Around the world, the business of palm oil harms the environment. During conventional cultivation, forests are cleared for plantations, bringing biodiversity loss, human-wildlife conflict, and habitat destruction affecting many species, notably the orangutan. A recent International Union for Conservation of Nature report notes that 50% of all deforestation on Borneo between 2005 and 2015 was driven by palm oil development.
This deforestation also contributes to climate change; the conversion of forests to palm oil plantations releases carbon dioxide that had been absorbed by old-growth forests. The Union of Concerned Scientists estimated in 2013 that 10 percent of global greenhouse gas emissions come from tropical deforestation.
These impacts have proven hard to combat, in part because palm oil is rarely the end commodity. Richard Zimmerman, executive director of New York-based non-profit Orangutan Outreach, calls it a "pervasive yet hidden" problem. Given all the chemicals, sugars, fats, and allergens shoppers are already trying to avoid, he said, "Palm oil is low on the list, if it's even on the list."
Palm oil and its derivatives appear under a multitude of monikers, from "palm kernel oil" and "partially hydrogenated palm oil" to "sodium lauryl sulfate" and "glyceryl stearate." Other names, according to the Rainforest Action Network, include "stearic acid," anything that includes "palmitate," and "elaesis guineensis" (the oil palm's Latin name). Try finding products in your grocery store without these. Not that all these terms always mean palm oil — some are occasionally derived from other oils. But companies likely can't guarantee that, and there's no way of knowing from reading a package.
So how do we change things? One group trying to answer that question is the Roundtable on Sustainable Palm Oil (RSPO), a 4,000-member-strong industry non-profit. Its approach includes offering financial incentives to stakeholders along the supply chain in return for implementing best practices.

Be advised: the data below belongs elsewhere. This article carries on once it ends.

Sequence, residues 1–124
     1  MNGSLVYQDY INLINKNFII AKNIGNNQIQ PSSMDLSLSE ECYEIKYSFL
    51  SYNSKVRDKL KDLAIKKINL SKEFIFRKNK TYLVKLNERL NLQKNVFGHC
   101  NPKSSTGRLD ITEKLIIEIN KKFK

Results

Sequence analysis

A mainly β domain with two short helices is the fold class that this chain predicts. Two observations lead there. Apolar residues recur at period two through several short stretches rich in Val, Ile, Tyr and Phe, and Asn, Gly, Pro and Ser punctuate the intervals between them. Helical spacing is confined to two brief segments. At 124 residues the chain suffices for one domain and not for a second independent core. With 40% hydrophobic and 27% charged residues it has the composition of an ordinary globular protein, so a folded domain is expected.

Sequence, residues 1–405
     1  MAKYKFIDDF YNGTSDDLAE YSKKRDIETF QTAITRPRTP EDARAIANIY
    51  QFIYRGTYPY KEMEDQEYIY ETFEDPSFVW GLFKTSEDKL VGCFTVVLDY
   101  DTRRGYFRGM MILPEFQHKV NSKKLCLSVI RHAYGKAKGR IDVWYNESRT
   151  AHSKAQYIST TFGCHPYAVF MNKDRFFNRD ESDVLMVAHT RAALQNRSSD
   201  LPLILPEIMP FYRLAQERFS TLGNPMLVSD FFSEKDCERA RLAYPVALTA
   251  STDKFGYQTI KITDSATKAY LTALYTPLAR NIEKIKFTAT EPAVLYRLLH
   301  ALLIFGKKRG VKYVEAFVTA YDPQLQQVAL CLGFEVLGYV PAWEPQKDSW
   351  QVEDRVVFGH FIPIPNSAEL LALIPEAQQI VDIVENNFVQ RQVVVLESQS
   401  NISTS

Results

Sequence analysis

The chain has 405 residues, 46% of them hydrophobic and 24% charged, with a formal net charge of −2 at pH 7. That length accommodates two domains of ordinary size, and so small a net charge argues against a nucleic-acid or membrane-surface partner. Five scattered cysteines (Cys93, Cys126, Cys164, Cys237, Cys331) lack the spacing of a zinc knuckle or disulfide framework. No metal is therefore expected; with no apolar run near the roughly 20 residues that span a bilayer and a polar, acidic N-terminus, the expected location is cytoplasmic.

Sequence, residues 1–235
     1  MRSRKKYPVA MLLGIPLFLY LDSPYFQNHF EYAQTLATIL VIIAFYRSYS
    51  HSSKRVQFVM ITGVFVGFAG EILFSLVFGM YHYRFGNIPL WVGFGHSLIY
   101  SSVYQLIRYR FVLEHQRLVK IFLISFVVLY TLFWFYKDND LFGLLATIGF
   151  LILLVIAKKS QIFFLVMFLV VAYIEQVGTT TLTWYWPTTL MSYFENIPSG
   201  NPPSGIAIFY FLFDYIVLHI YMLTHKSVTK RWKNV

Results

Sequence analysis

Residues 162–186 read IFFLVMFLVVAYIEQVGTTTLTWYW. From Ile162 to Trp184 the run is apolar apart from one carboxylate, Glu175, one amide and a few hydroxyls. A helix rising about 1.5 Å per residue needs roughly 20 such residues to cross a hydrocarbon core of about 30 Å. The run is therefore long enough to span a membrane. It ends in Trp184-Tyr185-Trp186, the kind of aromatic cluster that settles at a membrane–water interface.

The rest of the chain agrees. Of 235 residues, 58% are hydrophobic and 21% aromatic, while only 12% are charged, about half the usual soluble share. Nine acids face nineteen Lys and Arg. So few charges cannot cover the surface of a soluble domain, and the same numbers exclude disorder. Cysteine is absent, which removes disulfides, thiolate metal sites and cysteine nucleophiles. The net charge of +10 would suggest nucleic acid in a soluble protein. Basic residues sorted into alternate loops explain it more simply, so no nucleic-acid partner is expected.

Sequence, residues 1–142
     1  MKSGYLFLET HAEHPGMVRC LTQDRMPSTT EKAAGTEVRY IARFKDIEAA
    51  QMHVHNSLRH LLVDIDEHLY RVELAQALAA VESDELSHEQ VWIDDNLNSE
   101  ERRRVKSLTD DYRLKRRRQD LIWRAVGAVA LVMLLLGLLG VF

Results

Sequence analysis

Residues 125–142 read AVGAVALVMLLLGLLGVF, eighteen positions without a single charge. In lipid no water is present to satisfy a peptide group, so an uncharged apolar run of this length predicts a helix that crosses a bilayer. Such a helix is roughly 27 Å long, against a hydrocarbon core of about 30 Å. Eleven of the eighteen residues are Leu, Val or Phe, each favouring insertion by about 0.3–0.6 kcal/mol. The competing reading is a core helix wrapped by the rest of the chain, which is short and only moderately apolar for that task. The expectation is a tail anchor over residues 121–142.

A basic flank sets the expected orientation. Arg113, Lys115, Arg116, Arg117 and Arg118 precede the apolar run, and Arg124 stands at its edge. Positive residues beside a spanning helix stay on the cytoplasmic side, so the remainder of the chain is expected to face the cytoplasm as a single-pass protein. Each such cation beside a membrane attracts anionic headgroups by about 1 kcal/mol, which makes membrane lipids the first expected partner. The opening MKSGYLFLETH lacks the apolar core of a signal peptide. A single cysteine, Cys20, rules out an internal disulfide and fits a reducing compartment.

RSPO members must demonstrate that plantation land was purchased, not stolen, and that they offer safe conditions for workers. The RSPO prohibits clearing primary (never-logged) forests and imposes requirements like: obtaining free, prior, and informed consent from locals for new plantings; analyzing and protecting fragile soils and areas of high-conservation value; and mitigating carbon impacts in place.
But right now, only about 20 percent of palm oil is RSPO-certified, and critics think the group's approach still doesn't go far enough. Greenpeace's Senior Palm Oil Campaigner Diana Ruiz said investigations show that brands shift responsibility for palm oil sourcing problems onto traders, and traders don't enforce on their end. "Once you get … all the way to the grower, there is no monitoring being done," she says — and no good way to address violations.
Beyond the produce section, palm oil can be found in almost everything in your grocery store, from from Oreos to toothpaste and beyond.
The Future of Palm Oil
Palm oil has a long supply chain, which makes reducing its use complex. "Historically, companies have not paid attention to what happens at the farm level, because [palm oil] is a secondary ingredient," said Neil Blomquist, a spokesperson for the education and advocacy group Palm Done Right.
That may be changing, as palm oil gets more publicity. Still, places where palm grows see a clear economic boom from the industry, and there's always a market for cheap consumables.
"It's a difficult industry to regulate for that reason," Blomquist said. "There's been a growing demand for palm oil, the lowest-cost oil that can be produced. So, increasing demand with an increasing population in the world is really what's driving the problems… with more and more rainforest being destroyed."